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November 12, 2004 - Image 81

Resource type:
Text
Publication:
The Detroit Jewish News, 2004-11-12

Disclaimer: Computer generated plain text may have errors. Read more about this.

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non-Muslim to use separate water
fountains and bathrooms.
"Throughout 1984," she writes,
"Roya, the dream, had only night-
mares.
Toward the end of her account, she
revisits a childhood friend who is a
Muslim, in whose house she heard
"Allahu Akbar" for the first time. The
friend lost a brother to war, a sister to
prison, an uncle to grief and her
mother to insanity, and she told
Hakakian that she was lucky, for she,
as a Jew, could leave and have some-
where to go.
"I never wanted to leave," the
author admits. It wasn't a choice that
I made. That's not to say that things
didn't turn awful. I thought of coun-
tries like families: When things turn
difficult, you don't abandon the fami-
ly. You don't abandon a country. I had
to surrender to leaving. It was what
my parents wanted to do, and I had to
follow."
Actually, her parents, her father in
particular, had faith that things would
work out, but he too lost that faith
amidst the killings and persecution.
One day, she returned home to find
her father in her room, burning all of -
her old notebooks, books of poetry,
novels by Jane Austen, leather-bound
copies of Dostoevsky's work. It had
become too dangerous to keep them at
home. It was then that her father told
her that it was time that they left for
America.
Hakakian left with her mother, and
her father followed three years later.
She now lives outside of New Haven,
Conn.; her three brothers are scattered
over the East Coast, and her parents
live in Forest Hills, N.Y.
Her father still writes poetry
although his eyesight is failing; some-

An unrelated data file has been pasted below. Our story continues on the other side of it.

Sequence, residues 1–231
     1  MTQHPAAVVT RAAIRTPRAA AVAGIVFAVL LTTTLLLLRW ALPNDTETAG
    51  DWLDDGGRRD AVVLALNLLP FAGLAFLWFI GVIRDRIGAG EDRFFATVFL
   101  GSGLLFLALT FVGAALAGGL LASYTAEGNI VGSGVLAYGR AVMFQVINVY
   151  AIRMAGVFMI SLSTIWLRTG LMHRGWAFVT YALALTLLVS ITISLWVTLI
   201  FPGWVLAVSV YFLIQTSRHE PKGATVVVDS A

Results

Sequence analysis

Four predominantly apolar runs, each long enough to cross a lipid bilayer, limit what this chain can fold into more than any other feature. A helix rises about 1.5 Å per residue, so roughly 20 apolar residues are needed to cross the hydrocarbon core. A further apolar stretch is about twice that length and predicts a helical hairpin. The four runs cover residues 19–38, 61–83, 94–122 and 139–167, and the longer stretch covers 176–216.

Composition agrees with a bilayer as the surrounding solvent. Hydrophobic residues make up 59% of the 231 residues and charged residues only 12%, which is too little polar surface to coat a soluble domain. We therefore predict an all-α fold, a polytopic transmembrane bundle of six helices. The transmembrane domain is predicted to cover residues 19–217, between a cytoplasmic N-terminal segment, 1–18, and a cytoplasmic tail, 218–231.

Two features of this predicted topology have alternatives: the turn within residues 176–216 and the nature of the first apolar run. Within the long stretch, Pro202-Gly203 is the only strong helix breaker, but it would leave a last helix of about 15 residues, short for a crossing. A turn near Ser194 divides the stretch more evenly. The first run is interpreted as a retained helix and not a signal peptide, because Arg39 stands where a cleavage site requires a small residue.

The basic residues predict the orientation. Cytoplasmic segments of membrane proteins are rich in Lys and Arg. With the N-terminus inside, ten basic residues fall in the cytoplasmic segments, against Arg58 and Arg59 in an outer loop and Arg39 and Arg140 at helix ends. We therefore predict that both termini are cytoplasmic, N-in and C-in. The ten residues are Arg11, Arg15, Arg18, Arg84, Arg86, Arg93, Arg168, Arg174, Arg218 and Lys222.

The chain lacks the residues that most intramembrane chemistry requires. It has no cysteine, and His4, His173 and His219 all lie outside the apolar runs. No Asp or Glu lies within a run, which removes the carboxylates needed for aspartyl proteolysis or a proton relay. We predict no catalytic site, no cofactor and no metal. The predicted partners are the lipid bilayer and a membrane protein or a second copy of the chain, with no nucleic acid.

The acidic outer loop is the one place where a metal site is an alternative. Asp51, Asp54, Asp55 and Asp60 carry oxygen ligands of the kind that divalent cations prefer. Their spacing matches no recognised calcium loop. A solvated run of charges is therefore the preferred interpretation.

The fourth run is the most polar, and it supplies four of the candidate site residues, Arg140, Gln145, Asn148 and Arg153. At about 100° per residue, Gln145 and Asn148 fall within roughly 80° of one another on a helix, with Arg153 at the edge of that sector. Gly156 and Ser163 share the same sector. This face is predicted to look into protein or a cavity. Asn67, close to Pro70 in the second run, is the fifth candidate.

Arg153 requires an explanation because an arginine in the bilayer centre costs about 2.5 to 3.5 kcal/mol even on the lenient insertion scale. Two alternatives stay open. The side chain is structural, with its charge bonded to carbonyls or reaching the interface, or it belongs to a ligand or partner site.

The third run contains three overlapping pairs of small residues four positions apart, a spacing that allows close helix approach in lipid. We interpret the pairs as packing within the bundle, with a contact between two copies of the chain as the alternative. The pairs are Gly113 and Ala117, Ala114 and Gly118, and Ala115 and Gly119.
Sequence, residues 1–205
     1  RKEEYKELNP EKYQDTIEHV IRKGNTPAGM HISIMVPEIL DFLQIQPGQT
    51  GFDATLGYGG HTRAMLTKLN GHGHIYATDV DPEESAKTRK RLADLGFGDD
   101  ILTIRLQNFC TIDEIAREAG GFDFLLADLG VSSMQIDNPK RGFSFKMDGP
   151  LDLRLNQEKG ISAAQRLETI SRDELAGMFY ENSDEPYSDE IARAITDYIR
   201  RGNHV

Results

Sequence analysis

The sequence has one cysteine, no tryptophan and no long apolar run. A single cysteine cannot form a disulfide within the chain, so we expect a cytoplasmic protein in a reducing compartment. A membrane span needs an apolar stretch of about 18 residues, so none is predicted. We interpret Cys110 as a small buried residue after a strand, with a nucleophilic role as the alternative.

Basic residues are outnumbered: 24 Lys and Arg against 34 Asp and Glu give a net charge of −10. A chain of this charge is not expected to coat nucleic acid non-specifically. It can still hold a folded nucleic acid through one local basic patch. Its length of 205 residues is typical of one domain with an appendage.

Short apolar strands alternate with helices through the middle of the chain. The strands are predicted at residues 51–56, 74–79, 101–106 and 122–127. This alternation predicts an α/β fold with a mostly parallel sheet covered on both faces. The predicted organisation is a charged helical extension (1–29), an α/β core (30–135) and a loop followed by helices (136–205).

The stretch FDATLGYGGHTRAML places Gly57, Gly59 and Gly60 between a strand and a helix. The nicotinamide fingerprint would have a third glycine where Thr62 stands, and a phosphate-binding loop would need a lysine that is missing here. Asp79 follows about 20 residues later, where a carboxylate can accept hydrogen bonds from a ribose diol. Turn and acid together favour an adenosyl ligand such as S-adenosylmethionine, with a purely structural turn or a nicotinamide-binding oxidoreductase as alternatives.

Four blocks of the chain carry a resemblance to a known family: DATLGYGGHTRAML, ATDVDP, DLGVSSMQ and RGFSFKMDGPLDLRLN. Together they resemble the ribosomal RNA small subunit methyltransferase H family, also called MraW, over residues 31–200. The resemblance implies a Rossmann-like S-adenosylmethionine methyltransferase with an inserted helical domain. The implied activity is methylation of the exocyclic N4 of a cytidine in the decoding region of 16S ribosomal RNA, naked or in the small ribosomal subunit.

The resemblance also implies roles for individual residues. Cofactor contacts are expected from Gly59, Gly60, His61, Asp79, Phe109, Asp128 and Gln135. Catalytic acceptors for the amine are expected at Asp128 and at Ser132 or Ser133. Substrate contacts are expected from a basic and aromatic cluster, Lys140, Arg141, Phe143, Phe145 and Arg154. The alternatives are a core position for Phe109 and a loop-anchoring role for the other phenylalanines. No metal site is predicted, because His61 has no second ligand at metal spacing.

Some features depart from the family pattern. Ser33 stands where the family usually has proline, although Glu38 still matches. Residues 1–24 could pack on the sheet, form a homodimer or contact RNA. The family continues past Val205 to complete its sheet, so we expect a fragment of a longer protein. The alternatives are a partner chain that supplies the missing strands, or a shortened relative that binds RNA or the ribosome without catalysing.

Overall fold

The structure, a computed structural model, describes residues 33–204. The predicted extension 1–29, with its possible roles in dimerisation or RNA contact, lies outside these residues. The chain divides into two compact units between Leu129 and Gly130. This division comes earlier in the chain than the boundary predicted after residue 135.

times he reads it on exile radio sta-
tions. She says that their choice not to
live in heavily concentrated Iranian
neighborhoods has enabled them to
grow, to experience America in more
depth."
Some reviewers have compared
Hakakian's experience to that of Jews
in Germany in the years leading up to
World War II. When asked about this,
she says that she always hesitates to
make analogies. But she points out
that indeed something devastating has
taken place; that the Jewish communi-
ty is on the verge of disappearing.
"What I'm trying to convey, on the
other hand, is that in Iran the general
public didn't turn against the Jews.
Our neighbors still loved us. What
pushed us out was a fundamentalist
government coming into power, mak-

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Roya Hakakian:
"The clergy weren't
the only people who
thought that Iran could be a
different place. There were also
vast numbers of secular; edu-
cated, urban people who want-
ed the revolution, who wanted
Iran to be a democracy."

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ing it difficult for people who were
different than they were from all walks
of life."
Although Persian is her native
tongue and the language of her early
writings, Hakakian writes here in
luminous English. She explains that if
she wrote in Persian, she would have
relived the memories rather than re-
examining them.
"Persian could summon the teenager
at sea," she writes. "English sheltered
the adult survivor, safely inside a light-
house. I did not know how to use the
language of the censors to speak
against them; to use the very language
by which I had been denied so much
as a Jew, as a woman, a secular citizen
and a young poet."
For Hakakian, the journey from
Iran was not so much a physical one as
a journey from perpetual demands,
from "no." When she arrived in
America in 1985, the English language
became "the vessel of my flight to vast
possibilities." 1-1

Roya Hakakian speaks 11 a.m.
Sunday, Nov. 14, at the Jewish
Community Center in West
Bloomfield and 3 p.m. Sunday,
Nov. 14, at the JCC in Oak Park.
(248) 432-5577.

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